5 Mistakes To Avoid When Building Your Wedding Photography Business with Michael Anthony
It’s been quite a while since I have written an article for Shutter Magazine. A little over a year in fact. During this time, so much has changed in the wedding photography industry that has helped me to gain a new perspective on the business and fine-tune many different aspects to build a more sustainable career, and more importantly, teach others how to do the same.
For those of you who have never read an article of mine, I am a Los Angeles Wedding Photographer and entrepreneur. Our studio, Michael Anthony Photography, offers photography and cinematography to wedding couples all around the world. In 10 years, photography has taken me to many different countries, and I have had the opportunity to serve couples on all ends of the budget spectrum. But the most important thing that I have learned about this industry is that building a business that can sustain a full-time career is not difficult and can be very rewarding. Over the years I have tried to teach photographers how to structure their wedding photography businesses in such a way that they can meet their income goals consistently.
With that being said, I constantly see photographers making the same mistakes in our industry, causing stagnant growth or worse: burnout. Being an educator in this industry has allowed me to analyze the things that create success and failure, so that I can better teach business-minded photographers how to find that success and sustain it over many years.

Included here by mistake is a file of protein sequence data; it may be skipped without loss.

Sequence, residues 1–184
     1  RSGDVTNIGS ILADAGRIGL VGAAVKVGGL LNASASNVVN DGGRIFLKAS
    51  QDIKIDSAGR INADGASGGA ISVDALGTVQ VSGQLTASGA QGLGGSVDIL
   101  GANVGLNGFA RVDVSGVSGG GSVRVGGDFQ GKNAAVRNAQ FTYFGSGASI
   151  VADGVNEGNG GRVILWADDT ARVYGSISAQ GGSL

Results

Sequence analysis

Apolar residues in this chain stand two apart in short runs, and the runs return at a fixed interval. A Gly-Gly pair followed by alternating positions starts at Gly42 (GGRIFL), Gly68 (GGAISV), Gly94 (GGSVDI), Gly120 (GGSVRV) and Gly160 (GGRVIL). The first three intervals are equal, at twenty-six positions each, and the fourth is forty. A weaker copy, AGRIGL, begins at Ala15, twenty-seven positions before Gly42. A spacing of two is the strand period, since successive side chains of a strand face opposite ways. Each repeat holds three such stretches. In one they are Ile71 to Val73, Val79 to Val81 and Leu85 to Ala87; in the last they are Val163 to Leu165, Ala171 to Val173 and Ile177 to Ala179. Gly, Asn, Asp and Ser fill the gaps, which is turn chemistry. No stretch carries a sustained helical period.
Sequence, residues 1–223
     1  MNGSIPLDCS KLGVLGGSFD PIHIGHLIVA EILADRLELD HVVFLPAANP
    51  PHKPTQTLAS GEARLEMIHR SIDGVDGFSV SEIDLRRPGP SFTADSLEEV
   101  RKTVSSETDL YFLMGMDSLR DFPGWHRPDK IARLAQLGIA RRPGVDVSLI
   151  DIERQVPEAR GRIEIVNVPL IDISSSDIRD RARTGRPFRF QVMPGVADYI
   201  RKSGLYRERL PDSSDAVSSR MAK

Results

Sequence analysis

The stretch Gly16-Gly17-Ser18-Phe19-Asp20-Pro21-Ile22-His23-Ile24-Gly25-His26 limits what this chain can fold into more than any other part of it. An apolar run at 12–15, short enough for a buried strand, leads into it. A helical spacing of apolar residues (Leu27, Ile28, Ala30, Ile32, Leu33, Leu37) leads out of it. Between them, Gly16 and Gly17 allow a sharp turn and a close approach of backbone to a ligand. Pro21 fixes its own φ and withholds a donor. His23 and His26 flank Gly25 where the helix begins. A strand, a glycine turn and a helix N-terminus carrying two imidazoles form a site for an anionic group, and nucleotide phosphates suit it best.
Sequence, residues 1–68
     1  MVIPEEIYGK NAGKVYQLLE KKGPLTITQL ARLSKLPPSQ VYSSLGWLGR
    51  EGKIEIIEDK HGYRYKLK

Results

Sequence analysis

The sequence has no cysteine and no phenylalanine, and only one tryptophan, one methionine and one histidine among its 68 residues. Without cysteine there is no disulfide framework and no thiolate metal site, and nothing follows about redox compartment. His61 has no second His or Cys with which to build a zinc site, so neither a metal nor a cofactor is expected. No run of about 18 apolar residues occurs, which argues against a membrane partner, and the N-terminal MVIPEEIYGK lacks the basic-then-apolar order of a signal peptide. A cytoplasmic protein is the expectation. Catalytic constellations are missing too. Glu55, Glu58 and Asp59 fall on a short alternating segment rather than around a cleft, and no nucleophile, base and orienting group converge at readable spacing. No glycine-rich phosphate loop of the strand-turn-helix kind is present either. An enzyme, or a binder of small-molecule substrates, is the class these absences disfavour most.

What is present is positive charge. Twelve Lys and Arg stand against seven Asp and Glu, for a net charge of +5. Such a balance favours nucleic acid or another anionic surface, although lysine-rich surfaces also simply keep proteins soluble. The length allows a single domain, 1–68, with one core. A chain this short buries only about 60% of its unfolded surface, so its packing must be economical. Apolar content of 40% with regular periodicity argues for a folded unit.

With that being said, here are the most common mistakes that wedding photographers make when building their wedding photography businesses.
Mistake #1: Prioritizing Art Over Business
This is the most common mistake I see in the photography industry in general, but especially in wedding photography. I understand that we get into wedding photography because of the artistic nature of it. I understand that capturing weddings can satisfy the inner artist in most of us.
But the biggest problem with adopting an art-first mindset is that it changes the course of your business decision-making.
Now, you may think that you don’t suffer from this, but I can promise you that the vast majority of photographers, myself included, do make this mistake from time to time.
Examples of this kind of mindset would be:
- Investing in new camera equipment over new marketing collateral
- Investing in editing courses over business courses
- Attending workshops taught by great artists who have not ran a successful business
- Not attending networking events
- Spending hours on YouTube looking at camera reviews rather than marketing techniques
Don’t get me wrong, doing any of these things occasionally isn’t a bad thing. I do them all myself. However, not prioritizing business first will have long-term devastating effects on the quality of your business.